The old thought of Spinoza and Hegel and many others is: primary existence becomes self-aware in man himself in the same act in which man sees himself rooted in it. The place of this self-realization, we say: of this self-deification, which is sought by ‘being by himself’ and because of which becoming he accepted the world as “history” – is the man, the human self and the human heart. They are the only place of becoming God that is available to us.
You could tell me, and I was actually told, that man cannot stand unready, becoming God. My response to that is that metaphysics is not an insurance company for the weak people, requiring support. The absolute being does not exist to support man, to complement his ordinary weaknesses and needs.
Max Scheler – The Human Place in the Cosmos
To begin with, a nerve stimulus is transferred into an image: first metaphor. The image, in turn, is imitated in a sound: second metaphor. And each time there is a complete overleaping of one sphere, right into the middle of an entirely new and different one.
One can imagine a man who is totally deaf and has never had a sensation of sound and music. Perhaps such a person will gaze with astonishment at Chladni’s sound figures; perhaps he will discover their causes in the vibrations of the string and will now swear that he must know what men mean by “sound.”
It is this way with all of us concerning language; we believe that we know something about the things themselves when we speak of trees, colors, snow, and flowers; and yet we possess nothing but metaphors for things–metaphors which correspond in no way to the original entities.
Friedrich Nietzsche – On Truth and Lies in a Nonmoral Sense
There is a thing inherent and natural, which existed before heaven and earth. Motionless and fathomless, It stands alone and never changes; It pervades everywhere and never becomes exhausted. It may be regarded as the Mother of the Universe. I do not know its name. If I am forced to give it a name, I call it the Way.
We know well enough how those who are of this mind behave. They believe they have made great efforts for their instruction, when they have spent a few hours in reading some book of Scripture, and have questioned some priest on the truths of the faith. After that, they boast of having made vain search in books and among men. But, verily, I will tell them what I have often said, that this negligence is insufferable. We are not here concerned with the trifling interests of some stranger, that we should treat it in this fashion; the matter concerns ourselves and our all.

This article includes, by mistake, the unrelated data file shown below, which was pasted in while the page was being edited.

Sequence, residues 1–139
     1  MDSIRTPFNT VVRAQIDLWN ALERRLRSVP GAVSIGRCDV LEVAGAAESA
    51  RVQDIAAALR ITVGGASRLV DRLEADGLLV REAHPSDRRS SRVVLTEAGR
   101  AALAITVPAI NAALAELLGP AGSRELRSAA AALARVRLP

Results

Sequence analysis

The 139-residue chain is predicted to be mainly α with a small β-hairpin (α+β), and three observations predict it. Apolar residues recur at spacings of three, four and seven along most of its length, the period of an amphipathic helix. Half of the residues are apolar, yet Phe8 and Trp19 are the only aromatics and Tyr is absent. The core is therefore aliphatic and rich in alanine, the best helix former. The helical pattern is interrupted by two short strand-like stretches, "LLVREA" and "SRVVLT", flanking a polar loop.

Let them at least learn what is the religion they attack, before attacking it. If this religion boasted of having a clear view of God, and of possessing it open and unveiled, it would be attacking it to say that we see nothing in the world which shows it with this clearness. But since, on the contrary, it says that men are in darkness and estranged from God, that He has hidden Himself from their knowledge, that this is in fact the name which He gives Himself in the Scriptures, D e u s a b s c o n d i t u s [Isaiah 45:15, a God who hides Himself] – what advantage can they obtain, when, in the negligence with which they make profession of being in search of the truth, they cry out that nothing reveals it to them?
Blaise Pascal – Pensées
Solipsism, solegoism, monegoism or selfego – so is called the supreme wisdom of man, this is the ultimate yield of thinking and research that humanity, hungry for truth, received from rationalism and independent, modern philosophy, equipped and supported by so many achievements of science!
Those who know what mood prevails in the world of philosophers and scholars, and who know the conceit and pride of the guild, will easily guess that not all skeptics proclaim their bankruptcy to the world in such form and battue. After and most of all, they are academy members, university professors, magazine editors, authors of works and treaties. They beat around the bush, as they can, when it comes to the nothingness of their knowledge and powerlessness of reasoning, they pull the wool over our eyes with the stream of platitudes, hypotheses, metaphors and sophistry.
There is no lack, however, of those sincere, who show the wound in their mind, in full width, and by preaching the theory that the world is nothing more than just our imagination, admit to the ultimate philosophical misery, to an absolute illusionism, which is nothing but – solipsism.
Wladyslaw M. Debicki – Great intelectual bankruptcy
A strange mania governs the working class of all countries in which capitalist civilization rules, a mania that results in the individual and collective misery that prevails in modern society. This is the love of work, the furious mania for work, extending to the exhaustion of the individual and his descendants. The parsons, the political economists, and the moralists, instead of contending against this mental aberration, have canonized work. In capitalist society, work is the cause of mental deterioration and physical deformity. Contemplate the wild savage, before missionaries of commerce and the traveling salesman for articles of faith have yet corrupted him with Christianity, syphilis, and the dogma of work, and then compare our strained machine slaves with him.
If we wish to find a trace of the primitive beauty of man in our civilized Europe, it is necessary to go to the nations in which politico-economic prejudice has not yet eradicated the hatred of work. To the Spaniard, in whom the primitive animal has not yet been killed, work is the worst slavery. The Greeks also, during the period of their greatest bloom, had but disdain for work; the slave alone was permitted to labor, the free man knew but physical exercise and play of the intellect. Jehova, the Old Testament God of the Jews, sets his worshipers the most sublime example: after six days’ work, he rests for all eternity.
When the employees shall have thoroughly liberated themselves from the vice that governs them and degrades their nature, it is not to demand the famous Rights of Man which are but the rights of capitalist exploitation, not to proclaim the Right to Work which is only the right to misery, but to forge an iron law forbidding every one to work more than three hours a day. But how can a manly decision be expected from a proletariat corrupted by capitalist morals! Like Christ, the embodied suffering of the slavery of ancient times, our proletariat, men, women and children, for a century has climbed the rough Mount Calvary of suffering.
O, Laziness, have thou mercy upon this eternal misery! O, Laziness, mother of the arts and the noble virtues, be thou balsam for the pains of mankind!
Paul Lafargue – The Right To Be Lazy